Horse v Car

In 1904 there were 23,000 cars on Britain’s roads but more than a million horses pulling carts and carriages commercially. It was not until the 1930’s that motorised vehicles became more commonplace than horse-drawn vehicles.

The motor-car was initially despised by carters. It was regarded as a plaything of the rich. A court case in 1915 involving the owner of a Daimler car and a famer from Kelland Barton Farm, Lapford, highlights the disdain and distrust that existed. The motorist, a William Packer of Exeter, was suing for £15 damages to his car, whereas the farmer, James Vicary, was looking for £1 damages to his cart.

The cart was being driven between Copplestone and Lapford by James’ young farmhand, John Crooke, who stopped on the right-hand side of the road for a chat with a farmer over a hedge. The Daimler approached and attempted to overtake the stationary cart just as John finished his chat and was pulling back to the left-hand side. The two vehicles collided.

The driver claimed to have sounded his horn, but this was disputed by witnesses. The defence lawyer criticised the car for travelling at an excessive speed of 20mph. He described the attempt to overtake the cart as “a bit of fancy driving”.

Some of the witness evidence proved to be quiet amusing and highlights the extent to which cars were still an unexpected presence on rural roads:

Judge: Why didn’t you look up before starting your horse.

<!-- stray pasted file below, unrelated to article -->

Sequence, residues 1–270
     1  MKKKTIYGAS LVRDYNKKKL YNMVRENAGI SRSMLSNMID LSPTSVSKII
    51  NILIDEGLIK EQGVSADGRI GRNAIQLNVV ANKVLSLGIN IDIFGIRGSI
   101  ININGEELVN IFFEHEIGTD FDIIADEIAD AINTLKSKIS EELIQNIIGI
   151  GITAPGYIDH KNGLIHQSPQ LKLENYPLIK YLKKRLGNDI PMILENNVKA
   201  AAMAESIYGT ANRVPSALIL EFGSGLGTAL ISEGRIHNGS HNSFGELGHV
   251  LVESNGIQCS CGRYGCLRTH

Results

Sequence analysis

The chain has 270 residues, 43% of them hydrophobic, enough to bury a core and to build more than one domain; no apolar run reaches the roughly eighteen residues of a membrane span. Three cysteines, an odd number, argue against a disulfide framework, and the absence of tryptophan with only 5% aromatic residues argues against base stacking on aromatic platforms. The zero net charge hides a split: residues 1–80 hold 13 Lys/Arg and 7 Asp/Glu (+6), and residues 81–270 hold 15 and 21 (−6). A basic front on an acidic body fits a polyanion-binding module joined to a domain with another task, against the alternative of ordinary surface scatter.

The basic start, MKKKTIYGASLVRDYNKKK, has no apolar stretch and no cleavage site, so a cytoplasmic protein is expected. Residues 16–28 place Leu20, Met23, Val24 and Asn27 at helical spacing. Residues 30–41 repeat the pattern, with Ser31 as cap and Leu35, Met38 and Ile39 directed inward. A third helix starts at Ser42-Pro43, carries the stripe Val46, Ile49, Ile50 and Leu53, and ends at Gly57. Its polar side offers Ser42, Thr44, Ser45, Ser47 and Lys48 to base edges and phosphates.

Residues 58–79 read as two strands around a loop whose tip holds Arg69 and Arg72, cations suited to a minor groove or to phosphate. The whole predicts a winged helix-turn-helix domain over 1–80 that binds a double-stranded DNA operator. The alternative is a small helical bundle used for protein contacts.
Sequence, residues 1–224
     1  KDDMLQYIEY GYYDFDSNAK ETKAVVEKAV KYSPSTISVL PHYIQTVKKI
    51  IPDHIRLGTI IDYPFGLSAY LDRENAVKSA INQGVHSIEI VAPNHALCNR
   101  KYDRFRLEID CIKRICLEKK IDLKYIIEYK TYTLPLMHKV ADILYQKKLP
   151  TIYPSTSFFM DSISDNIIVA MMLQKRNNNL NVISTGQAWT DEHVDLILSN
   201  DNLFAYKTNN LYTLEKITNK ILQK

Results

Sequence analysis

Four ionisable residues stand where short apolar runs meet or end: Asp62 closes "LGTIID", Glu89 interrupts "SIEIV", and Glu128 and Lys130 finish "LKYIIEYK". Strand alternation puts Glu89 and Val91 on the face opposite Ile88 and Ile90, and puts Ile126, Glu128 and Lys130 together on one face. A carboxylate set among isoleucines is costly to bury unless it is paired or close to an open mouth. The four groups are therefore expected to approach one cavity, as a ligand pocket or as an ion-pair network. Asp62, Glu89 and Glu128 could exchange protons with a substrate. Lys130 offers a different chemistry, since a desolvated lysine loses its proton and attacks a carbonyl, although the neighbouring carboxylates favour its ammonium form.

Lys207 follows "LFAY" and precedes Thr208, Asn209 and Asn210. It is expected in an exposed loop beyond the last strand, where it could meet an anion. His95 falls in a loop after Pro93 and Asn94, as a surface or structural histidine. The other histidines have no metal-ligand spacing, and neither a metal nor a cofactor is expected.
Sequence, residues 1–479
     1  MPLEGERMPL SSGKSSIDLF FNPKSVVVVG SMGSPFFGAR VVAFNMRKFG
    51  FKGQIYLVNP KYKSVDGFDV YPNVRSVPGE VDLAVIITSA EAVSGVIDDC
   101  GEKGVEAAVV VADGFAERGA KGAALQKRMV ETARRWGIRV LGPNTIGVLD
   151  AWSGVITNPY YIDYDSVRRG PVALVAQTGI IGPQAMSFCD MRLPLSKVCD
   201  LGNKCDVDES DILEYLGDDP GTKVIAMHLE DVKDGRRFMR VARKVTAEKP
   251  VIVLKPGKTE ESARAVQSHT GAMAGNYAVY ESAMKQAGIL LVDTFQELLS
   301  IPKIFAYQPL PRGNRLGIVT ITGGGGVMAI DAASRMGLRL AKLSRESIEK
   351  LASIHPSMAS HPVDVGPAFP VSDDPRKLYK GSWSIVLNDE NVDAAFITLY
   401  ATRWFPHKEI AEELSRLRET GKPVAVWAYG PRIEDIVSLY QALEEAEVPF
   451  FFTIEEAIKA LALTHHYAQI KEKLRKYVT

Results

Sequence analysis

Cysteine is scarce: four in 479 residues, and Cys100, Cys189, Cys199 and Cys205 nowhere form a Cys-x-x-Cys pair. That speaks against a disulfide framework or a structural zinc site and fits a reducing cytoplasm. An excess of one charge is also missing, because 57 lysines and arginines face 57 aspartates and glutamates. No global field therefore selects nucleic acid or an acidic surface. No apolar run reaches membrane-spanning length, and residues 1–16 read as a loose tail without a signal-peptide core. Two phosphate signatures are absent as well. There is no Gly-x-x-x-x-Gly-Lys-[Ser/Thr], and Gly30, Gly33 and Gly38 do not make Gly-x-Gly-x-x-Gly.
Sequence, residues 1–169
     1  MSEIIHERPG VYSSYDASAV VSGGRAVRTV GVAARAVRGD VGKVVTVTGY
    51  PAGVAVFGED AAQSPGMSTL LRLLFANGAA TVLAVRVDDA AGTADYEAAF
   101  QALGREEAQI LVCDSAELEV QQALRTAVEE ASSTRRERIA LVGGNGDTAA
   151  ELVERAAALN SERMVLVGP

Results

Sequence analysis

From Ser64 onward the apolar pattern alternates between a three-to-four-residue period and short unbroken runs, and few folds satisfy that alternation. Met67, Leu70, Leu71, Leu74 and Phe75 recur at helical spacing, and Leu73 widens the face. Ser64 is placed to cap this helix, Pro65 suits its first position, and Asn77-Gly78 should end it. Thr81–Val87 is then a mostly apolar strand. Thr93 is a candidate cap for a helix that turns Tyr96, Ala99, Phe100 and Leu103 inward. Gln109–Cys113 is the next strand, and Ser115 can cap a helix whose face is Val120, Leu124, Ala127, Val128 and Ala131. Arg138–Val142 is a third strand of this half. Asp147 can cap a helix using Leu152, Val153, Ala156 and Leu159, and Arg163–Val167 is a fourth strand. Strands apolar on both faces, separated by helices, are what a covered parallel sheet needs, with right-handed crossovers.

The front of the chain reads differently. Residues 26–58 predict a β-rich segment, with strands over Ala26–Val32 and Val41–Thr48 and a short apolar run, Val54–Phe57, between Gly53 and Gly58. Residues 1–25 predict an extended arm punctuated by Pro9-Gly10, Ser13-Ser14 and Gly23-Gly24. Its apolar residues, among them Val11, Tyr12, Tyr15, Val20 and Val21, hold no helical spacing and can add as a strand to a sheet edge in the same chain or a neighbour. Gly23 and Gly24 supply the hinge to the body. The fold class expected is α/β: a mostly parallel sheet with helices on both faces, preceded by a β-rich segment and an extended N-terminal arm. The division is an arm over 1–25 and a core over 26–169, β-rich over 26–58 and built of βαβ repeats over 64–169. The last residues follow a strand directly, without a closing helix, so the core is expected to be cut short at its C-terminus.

John: I only stopped for a minute and a half and there was nothing coming when I stopped (Court laughter)

The questioning of the defence witness, an elderly farmer, proved even more amusing:

Witness: The car passed as fast as a flying machine.
Judge: Have you ever seen a flying machine?
Witness: No (Court laughter)
Judge: ….  and did you actually see the car?
Witness: No (Loud court laughter)
…..I looked over the hedge a moment before the smash and there was no car so the car must have been going fast

Judge: And how long was this moment between seeing no car on the road and the smash.
Witness: 3 minutes (Loud court laughter)

There was little precedent for determining blame in road accidents. Matters that would be quickly settled through insurance companies today, were taken before public juries who inevitably had differing opinions on rights and wrongs of motorised vehicles. In the case of William Packer v the Kelland Barton carter, the jury were undecided and the case was dismissed.


In Europe a war was raging. Within a year petrol was rationed and prices doubled on the introduction of petrol tax. There was little call on the chauffering services of William Packer and his Daimler. The cart driver, John Crook, is named as a casualty on Lapford War Memorial. He was missing for 8 months, presumed dead.